“When we went out to companies and asked if they’d hire someone with these skills, they would say absolutely yes,” said Spurlock. Once a company has brought a new diesel tech on board, it can provide — and pay for — additional training the techs might need.
Filling a Huge Labor Gap
The goal is to help fill the enormous demand for diesel techs in the United States. “What’s driving that shortage is the growth of the industry — everything in this country runs on logistics — and baby boomers retiring in record numbers,” Spurlock said. “U.S. schools are only producing about 6,000 technicians a year, and they need to be producing 60,000 to 70,000.”
One reason other diesel mechanic schools aren’t turning out enough techs: People aren’t entering their programs. Tuition is expensive, and the $18 to $20 an hour that beginning techs can earn isn’t enough to let them repay student loans. Time is the other issue, said Spurlock. “Most people don’t have a year to spend in a full-time program or two years to spend in a community college program.”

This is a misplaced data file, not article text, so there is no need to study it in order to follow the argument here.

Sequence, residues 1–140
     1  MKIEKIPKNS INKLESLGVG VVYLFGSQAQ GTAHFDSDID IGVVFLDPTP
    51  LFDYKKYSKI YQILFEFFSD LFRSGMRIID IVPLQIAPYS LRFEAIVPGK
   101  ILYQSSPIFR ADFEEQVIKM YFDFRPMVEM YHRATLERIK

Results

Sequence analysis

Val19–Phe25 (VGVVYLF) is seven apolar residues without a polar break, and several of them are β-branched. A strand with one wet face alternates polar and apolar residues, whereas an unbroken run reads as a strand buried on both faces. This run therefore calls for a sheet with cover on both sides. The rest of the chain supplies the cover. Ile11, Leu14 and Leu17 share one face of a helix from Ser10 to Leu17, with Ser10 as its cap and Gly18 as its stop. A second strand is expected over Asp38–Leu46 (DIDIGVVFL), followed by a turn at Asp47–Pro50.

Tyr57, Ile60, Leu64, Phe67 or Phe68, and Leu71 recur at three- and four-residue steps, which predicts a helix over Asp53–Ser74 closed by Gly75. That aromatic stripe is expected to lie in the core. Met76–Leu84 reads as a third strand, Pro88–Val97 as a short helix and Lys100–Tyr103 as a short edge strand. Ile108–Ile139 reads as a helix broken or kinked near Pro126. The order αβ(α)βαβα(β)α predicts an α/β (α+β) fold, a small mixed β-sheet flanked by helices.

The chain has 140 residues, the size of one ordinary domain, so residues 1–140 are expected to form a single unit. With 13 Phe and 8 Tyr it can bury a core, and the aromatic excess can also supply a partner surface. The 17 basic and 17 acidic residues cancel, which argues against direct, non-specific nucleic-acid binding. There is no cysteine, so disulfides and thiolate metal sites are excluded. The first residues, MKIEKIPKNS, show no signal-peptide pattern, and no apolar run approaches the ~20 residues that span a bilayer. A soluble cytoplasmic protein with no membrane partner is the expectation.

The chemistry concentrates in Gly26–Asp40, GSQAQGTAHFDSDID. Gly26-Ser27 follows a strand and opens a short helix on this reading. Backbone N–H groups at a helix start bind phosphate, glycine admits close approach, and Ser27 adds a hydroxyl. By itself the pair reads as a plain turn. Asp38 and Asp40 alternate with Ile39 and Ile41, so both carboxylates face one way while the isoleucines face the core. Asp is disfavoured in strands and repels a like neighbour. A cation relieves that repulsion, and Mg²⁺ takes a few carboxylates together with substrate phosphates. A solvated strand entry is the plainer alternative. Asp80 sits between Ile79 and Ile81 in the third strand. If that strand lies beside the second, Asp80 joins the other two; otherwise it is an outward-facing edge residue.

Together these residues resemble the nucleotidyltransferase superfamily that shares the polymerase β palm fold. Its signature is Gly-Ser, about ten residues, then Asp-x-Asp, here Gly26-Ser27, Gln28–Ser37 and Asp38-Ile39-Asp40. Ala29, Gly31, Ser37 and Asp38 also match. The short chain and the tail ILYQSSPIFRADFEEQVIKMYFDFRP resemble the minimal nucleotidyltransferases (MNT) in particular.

ADTC’s program, by contrast, can get someone a job after just 300 hours of training. That’s less than three months if a student opts for a full-time course. (Part-time options are also available.)
In three years, ADTC has become one of the largest producers of diesel techs in the United States, with more than 400 graduates working in 140 companies. “These are the best-of-the-best-companies — trucking dealership groups, leasing companies, over-the-road trucking companies and independent shops,” said Spurlock.